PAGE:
It felt good to get back in the kitchen cooking. This was the first full meal I made since returning from Europe. The initial few days home consisted of gorging on fruits and vegetables, and wearing off my jet-lag with some minestrone from the freezer. Though, I admit, I also chowed down on some coconut chai vegan ice cream (shout out to Philly’s Little Baby’s Ice Cream) and some wood-fired pizza from Pizza Nomad, possibly my favorite pizza place in Philadelphia, for the moment at least.
Warm-weather months mean lots of festivals, flea markets and food truck gatherings in Philly, which is where I ate said pizza and said ice cream. Like I said in my first post home, I feel fortunate to have returned from Paris in the midst of spring. It’s easy to keep your mind from missing daily travel excursions when there’s so much going on in your own city. For instance, this past weekend and the first weekend being back, I hit up a food truck meetup, a kinetic sculpture derby, and an Italian Market festival going on in my neighborhood.
I also woke up to an incredible yoga class on the Art Museum steps on Sunday. Being still slightly on a different time schedule, my body got me up an hour or two earlier than I would’ve normally preferred. With none of my friends awake yet, I laid in bed and scanned my Instagram (favorite iPhone app ever). Then, I thanked my body for waking me up early.
I saw a picture of this event and found out it would be starting in a half hour. Ten minutes later, I was on my bike cruising through empty Sunday morning streets to the Philadelphia Museum of Art. Here, I joined 100s of yogis setting up their mats amidst the 72 steps where Rocky took his famous run.
This is what I love about city living. You’re never alone in a city. There are almost always new experiences to have. Moments of inspiration to be found. And events like this that can raise over $200,000 for breast cancer awareness. Whether in Paris or Philadelphia, what I love about city living are the opportunities like this — last minute bike rides to a beyond powerful morning yoga class.
In my current city, I also cherish living close to the Italian Market. It’s here where I can scan rows of produce and find the ripe deals of the day, such as the plantain that inspired this recipe. Generally when I get plantains, I bake them in the oven, salt them, and then slather them with peanut butter. This time around, however, it was time for me to get cooking — a real meal, not just one of those peanut butter-based meals I fill up on far too often.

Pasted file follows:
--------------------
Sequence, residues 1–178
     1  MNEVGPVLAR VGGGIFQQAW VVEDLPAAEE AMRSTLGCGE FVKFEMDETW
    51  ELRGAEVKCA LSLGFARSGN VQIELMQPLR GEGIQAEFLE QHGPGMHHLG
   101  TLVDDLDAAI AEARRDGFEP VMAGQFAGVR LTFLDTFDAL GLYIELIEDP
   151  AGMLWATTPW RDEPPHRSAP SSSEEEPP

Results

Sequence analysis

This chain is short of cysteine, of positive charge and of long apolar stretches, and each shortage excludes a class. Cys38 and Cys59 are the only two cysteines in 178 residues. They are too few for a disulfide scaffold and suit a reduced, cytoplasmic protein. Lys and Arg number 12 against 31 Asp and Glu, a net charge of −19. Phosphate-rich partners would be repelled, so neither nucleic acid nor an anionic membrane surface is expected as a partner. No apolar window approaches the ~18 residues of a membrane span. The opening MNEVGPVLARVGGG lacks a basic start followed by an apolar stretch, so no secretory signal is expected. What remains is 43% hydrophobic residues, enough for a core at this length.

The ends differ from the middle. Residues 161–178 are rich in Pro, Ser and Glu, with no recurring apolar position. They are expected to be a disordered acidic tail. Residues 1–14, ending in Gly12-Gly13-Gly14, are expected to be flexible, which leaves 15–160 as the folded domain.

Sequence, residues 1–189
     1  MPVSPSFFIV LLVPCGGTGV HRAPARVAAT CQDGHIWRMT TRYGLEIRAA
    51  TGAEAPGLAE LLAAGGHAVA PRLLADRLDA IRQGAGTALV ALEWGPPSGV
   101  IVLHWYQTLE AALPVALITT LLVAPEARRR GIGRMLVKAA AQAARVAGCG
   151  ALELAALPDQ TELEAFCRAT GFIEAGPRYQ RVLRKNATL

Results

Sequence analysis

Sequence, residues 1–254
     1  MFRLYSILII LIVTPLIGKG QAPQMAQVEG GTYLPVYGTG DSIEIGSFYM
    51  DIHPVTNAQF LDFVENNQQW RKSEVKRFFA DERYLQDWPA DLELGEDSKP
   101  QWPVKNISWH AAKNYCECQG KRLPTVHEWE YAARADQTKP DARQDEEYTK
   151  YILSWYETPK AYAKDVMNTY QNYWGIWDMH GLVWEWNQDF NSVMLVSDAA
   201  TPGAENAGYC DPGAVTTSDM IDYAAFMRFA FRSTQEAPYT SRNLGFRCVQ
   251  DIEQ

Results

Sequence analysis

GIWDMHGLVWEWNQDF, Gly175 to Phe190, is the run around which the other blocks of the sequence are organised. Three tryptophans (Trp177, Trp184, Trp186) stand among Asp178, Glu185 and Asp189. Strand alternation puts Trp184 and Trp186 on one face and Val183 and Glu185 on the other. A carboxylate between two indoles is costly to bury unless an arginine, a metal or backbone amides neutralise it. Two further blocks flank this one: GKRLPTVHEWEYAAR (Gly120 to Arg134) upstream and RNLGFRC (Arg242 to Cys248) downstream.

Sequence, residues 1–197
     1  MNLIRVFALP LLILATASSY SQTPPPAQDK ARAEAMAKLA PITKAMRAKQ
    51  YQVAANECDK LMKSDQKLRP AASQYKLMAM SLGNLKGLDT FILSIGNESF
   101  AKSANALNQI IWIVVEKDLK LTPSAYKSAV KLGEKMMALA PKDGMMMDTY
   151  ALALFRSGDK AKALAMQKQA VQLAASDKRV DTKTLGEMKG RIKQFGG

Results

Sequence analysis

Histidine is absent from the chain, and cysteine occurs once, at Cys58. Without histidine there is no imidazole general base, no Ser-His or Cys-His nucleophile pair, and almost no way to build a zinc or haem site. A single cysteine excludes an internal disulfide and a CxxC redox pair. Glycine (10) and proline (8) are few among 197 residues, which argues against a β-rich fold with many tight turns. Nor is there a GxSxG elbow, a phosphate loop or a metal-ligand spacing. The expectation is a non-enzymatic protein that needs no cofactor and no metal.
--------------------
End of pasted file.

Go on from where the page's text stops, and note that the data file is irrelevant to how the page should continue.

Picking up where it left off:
The sweetness of plantains pairs wonderfully with spice-infused black beans. Don’t be intimidated by the lengthy ingredient list. If you read it, you’ll see that most of the items are just spices you should already have in you kitchen, and that the recipe itself is quite simple. Serve atop brown rice for a healthy and substantial meal.
- -2 Tbsp. extra virgin olive oil, divided
- -1 small-medium onion, diced
- -2 cloves garlic, minced
- -1 tsp. chili powder
- -1/2 tsp. coriander
- -1/2 tsp. cumin
- -Scant 1/4 tsp. cinnamon
- -Dash smoked paprika
- -1 (15 oz.) can black beans, undrained*
- -Dab of butter
- -1 plantain, peeled, sliced in half and chopped
- -Juice of 3/4 - 1 lime (depending on size of your lime)
- -Salt and pepper, to taste
- -1 cup of brown rice + 2 cups of water
- -Hot sauce, optional
- -Fresh cilantro, handful, optional
- Place brown rice and water in pot. Cover, and bring to a boil. Reduce heat to a simmer, and cook 35-40 minutes, or until rice is fluffy and tender.
- Meanwhile, in a large saute pan, bring 1 Tbsp. olive oil over medium-high heat. Add onion and saute for two minutes. Add garlic, and season with salt and pepper. Continue to saute, stirring frequently, until onions are translucent and caramelized. Add spices.
- Pour in entire 15 oz. can of black beans. Bring to a low simmer, and reduce heat to low. Adjust salt, to taste, and let simmer while preparing plantains, 7-10 minutes, stirring occasionally. Beans should be slightly saucy at the end, so keep the heat low and add a splash or two of water, if needed.
- To prepare the plantains, heat a nonstick skillet over medium heat. Add dab of butter to coat pan. Once melted, add plantains and season with salt. Saute 4-5 minutes, flipping occasionally, until edges are brown. Squeeze lime over top and remove from heat.
- Remove beans from heat and stir in plantains. Divide rice among bowls and drizzle with remaining Tbsp. of olive oil. Serve beans over top, and finish with cilantro and/or hot sauce, if desired.
*If using dried beans, reserve some of the cooking liquid.